How Does Being a Christian Influence the Way You Speak?

Daily Reflection / Produced by The High Calling

Grace and peace to you from God our Father and the Lord Jesus Christ.

Ephesians 1:

Ephesians 1:2 is one of those verses we tend to race by in order to get to the good stuff. It sounds like a typical rhetorical opening to a letter, the sort of thing you write, whether you mean it or not. For example, I usually begin my letters with "Dear So-and-So," whether or not So-and-So is actually dear to me.

Paul did indeed begin his letters by mentioning grace and peace. Six times he used exactly the same sentence as in Ephesians. Was this simply epistolary boilerplate, a first-century version of "Dear Ephesians"? Did everyone in Paul's world begin their letters with "grace and peace"?

No, not exactly. In fact, Hellenistic letters usually included the greeting chairein, the infinitive of the verb "to rejoice," which meant "greetings" (for example, Acts 23:26; James 1:1). Paul chose instead to use the word charis, which meant grace and sounded like chairein. To this he added the word eirnene, which meant "peace" in Greek and echoed the Hebrew greeting shalom. So, "grace and peace" was a Christianized greeting that combined both Greek and Jewish elements. As far as we know, Paul himself coined this particular greeting, which shows up similarly in other New Testament letters (1 Peter, 2 Peter, 2 John, Rev. 1:4). It would have been rather like a situation in which we might end a letter with "Yours in Christ" rather than the common secular version, "Sincerely yours" or "Yours truly."

I find Paul's creativity to be intriguing. He took that which was culturally common and tweaked it to carry a new message. Though we who know the collection of Paul's letters are not surprised by "grace and peace," his original readers (indeed, listeners, since his letters were read in churches) might have been surprised by what they heard. It sounded familiar, yet curiously different. They might have wondered why Paul made this unusual rhetorical move. What was so special about grace and peace?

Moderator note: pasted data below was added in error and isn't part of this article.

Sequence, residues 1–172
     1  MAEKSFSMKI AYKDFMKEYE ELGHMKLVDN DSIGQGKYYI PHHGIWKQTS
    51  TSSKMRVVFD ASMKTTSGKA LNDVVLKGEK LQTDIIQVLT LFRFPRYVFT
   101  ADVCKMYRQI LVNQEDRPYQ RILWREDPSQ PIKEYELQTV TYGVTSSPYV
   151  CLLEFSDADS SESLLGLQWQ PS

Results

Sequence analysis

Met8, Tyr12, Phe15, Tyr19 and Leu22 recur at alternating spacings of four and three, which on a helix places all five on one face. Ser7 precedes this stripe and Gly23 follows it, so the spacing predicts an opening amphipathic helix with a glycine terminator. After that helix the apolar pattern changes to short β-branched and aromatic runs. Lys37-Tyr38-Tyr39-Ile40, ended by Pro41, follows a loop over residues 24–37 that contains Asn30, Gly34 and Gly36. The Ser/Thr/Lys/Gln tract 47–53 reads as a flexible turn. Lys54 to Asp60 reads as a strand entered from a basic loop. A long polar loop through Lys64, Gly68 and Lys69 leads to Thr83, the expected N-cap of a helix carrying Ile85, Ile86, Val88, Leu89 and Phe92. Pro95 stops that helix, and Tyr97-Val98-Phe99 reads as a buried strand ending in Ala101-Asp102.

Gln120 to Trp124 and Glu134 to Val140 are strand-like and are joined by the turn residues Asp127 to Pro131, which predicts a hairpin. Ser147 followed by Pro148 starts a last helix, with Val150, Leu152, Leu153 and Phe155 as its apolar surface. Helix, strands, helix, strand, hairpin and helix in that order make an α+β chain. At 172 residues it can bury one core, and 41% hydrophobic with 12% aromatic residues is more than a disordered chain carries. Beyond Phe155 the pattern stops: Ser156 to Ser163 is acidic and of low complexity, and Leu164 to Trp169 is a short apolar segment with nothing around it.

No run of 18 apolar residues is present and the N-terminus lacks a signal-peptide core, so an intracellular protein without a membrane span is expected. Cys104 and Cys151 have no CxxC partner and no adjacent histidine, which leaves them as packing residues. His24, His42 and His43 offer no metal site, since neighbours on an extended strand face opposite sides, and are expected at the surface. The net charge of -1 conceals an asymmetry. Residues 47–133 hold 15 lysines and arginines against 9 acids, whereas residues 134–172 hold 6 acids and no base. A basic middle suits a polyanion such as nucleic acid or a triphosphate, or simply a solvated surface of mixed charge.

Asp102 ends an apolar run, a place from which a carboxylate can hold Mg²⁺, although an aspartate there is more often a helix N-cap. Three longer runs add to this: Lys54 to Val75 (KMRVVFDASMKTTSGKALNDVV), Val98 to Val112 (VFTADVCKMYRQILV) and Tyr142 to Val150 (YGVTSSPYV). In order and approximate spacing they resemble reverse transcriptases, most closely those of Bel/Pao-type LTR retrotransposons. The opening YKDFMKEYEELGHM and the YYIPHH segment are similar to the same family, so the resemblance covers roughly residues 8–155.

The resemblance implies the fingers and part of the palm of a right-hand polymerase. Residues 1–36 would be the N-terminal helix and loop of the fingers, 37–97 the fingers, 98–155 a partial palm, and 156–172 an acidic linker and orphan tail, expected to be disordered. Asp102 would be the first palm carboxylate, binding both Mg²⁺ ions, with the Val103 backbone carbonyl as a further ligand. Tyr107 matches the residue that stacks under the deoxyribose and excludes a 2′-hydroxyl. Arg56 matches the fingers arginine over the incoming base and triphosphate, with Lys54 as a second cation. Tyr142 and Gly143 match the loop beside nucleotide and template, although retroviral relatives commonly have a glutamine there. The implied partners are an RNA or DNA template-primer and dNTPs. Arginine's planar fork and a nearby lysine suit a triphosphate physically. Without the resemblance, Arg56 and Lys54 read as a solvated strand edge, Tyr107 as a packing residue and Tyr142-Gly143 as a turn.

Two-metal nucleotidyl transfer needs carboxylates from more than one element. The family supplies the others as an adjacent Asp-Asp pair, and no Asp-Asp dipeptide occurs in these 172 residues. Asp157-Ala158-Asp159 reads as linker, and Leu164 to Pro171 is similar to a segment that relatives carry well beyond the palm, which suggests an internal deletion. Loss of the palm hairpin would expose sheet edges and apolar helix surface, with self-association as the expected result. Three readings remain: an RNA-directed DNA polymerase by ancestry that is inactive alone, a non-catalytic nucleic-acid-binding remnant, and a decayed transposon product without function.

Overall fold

In fact, the letter to Ephesians will explain in depth the extraordinary importance of grace and peace. These are both major themes of the letter. They are both absolutely central to the good news Paul will explain in great depth. At this point in our study of Ephesians, however, I want to focus on Paul's creative use of language and how it might influence our own speaking and writing. The last thing I want to do is to become "cute," one of those Christians whose trite Christianese grates on one's nerves. I don't want to say "Praise the Lord" when I really mean "Hooray!" because it sounds more spiritual. At the same time, however, I want my language to reflect the truth of the gospel, not just when I'm doing Christian things or hanging out with Christians, but in every moment and setting of life.

QUESTIONS FOR FURTHER REFLECTION: Can you think of ways that your speech reflects your Christian faith? Are there things you say–or don't say–because you are a Christian? How can we speak in ways that reflect the gospel without using Christianese that turns us into a little club of insiders?

PRAYER: Gracious God, thank you for the example of Paul as he begins his letters by mention "grace and peace." I am challenged to think about how I speak and how this reflects the gospel (or not).

Help me, I pray, to communicate in ways that honor you and your good news. Keep me from using language in a way that is off-putting to others. Rather, may my speech draw people to your grace and peace. Amen.

Images sourced via Creative Commons.